How did you select the people you interviewed?
Straggas: We set up interviews with performers who filtered through Jimmy’s theater; many are his friends.

Altman was filming Tanner on Tanner, during the 2004 presidential election, an update to the Tanner 88 television series. Altman’s crew shot at Jimmy’s theater, and so he gave us an interview

But we didn’t stop at comedians, filmmakers, historians, and politicians. We included Steve, a homeless man Jimmy knows.

Tingle: Steve was five years ahead of me in school. I remember when he came back from Vietnam. He became an alcoholic at a very young age.

I ran into him about a month ago. He went through rehab and is now sober and off the streets, living in a veterans hospital. I’m glad he’s doing better. I’d like to add an update in the film about how Steve has turned his life around.

Describe your collaboration.
Straggas:
Jimmy has a very unique voice that he wanted to get across. And I have my own. It took a while to find our collective voice to finish the film. We mixed our styles.

The initial title was The American Dream. But we realized it had to become Jimmy Tingle’s American Dream. It had to be seen through Jimmy’s eyes, told in a singular voice.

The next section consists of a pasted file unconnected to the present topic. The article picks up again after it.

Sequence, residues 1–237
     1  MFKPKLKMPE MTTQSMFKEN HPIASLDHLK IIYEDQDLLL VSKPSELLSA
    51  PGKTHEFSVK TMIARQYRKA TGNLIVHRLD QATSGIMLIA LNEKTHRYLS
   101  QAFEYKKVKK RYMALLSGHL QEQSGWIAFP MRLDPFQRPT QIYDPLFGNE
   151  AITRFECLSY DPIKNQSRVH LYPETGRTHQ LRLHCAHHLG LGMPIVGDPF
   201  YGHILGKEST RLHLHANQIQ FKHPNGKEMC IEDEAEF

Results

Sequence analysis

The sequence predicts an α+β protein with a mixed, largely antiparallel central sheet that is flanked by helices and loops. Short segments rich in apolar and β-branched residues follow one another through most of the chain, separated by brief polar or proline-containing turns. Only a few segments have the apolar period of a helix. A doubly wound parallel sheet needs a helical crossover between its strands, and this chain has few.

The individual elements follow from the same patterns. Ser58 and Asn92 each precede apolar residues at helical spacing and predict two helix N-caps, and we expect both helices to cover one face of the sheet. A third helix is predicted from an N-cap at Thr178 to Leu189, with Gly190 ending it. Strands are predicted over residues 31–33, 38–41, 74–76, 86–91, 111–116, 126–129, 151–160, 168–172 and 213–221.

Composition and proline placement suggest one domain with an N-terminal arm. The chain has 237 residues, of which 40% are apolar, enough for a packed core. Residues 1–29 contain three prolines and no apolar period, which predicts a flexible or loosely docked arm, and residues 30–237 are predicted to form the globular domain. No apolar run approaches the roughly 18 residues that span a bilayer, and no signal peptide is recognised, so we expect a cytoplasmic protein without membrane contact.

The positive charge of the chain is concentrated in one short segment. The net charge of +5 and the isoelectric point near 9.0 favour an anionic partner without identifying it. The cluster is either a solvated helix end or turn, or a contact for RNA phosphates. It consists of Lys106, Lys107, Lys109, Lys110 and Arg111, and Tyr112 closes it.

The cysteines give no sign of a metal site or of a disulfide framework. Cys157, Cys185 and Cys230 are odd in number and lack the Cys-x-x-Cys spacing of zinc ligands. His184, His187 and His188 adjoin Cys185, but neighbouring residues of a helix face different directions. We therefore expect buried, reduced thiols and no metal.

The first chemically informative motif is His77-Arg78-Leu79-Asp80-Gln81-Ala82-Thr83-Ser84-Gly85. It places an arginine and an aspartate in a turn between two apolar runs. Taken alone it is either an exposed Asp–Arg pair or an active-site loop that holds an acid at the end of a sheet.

What’s the message?
Straggas:
The message reflects who Jimmy is as a person and a performer, very different from what we usually see on the comedy scene. There’s no profanity, and it’s honest. He sends a positive and inspirational viewpoint. You do see some scars, because things aren’t always great. But it’s not meant to tear the dream apart. When people watch it, they should feel that the American Dream does exist.

Tingle: I hope it will inspire someone who always wanted to be a comedian, musician, teacher, doctor, or lawyer to go after his or her dream. Maybe it will inspire someone to start a business, run for office, work on social issues like universal health care, think about what their religion stands for, appreciate the men and women who serve in the military, and feel grateful for what we have and who we are.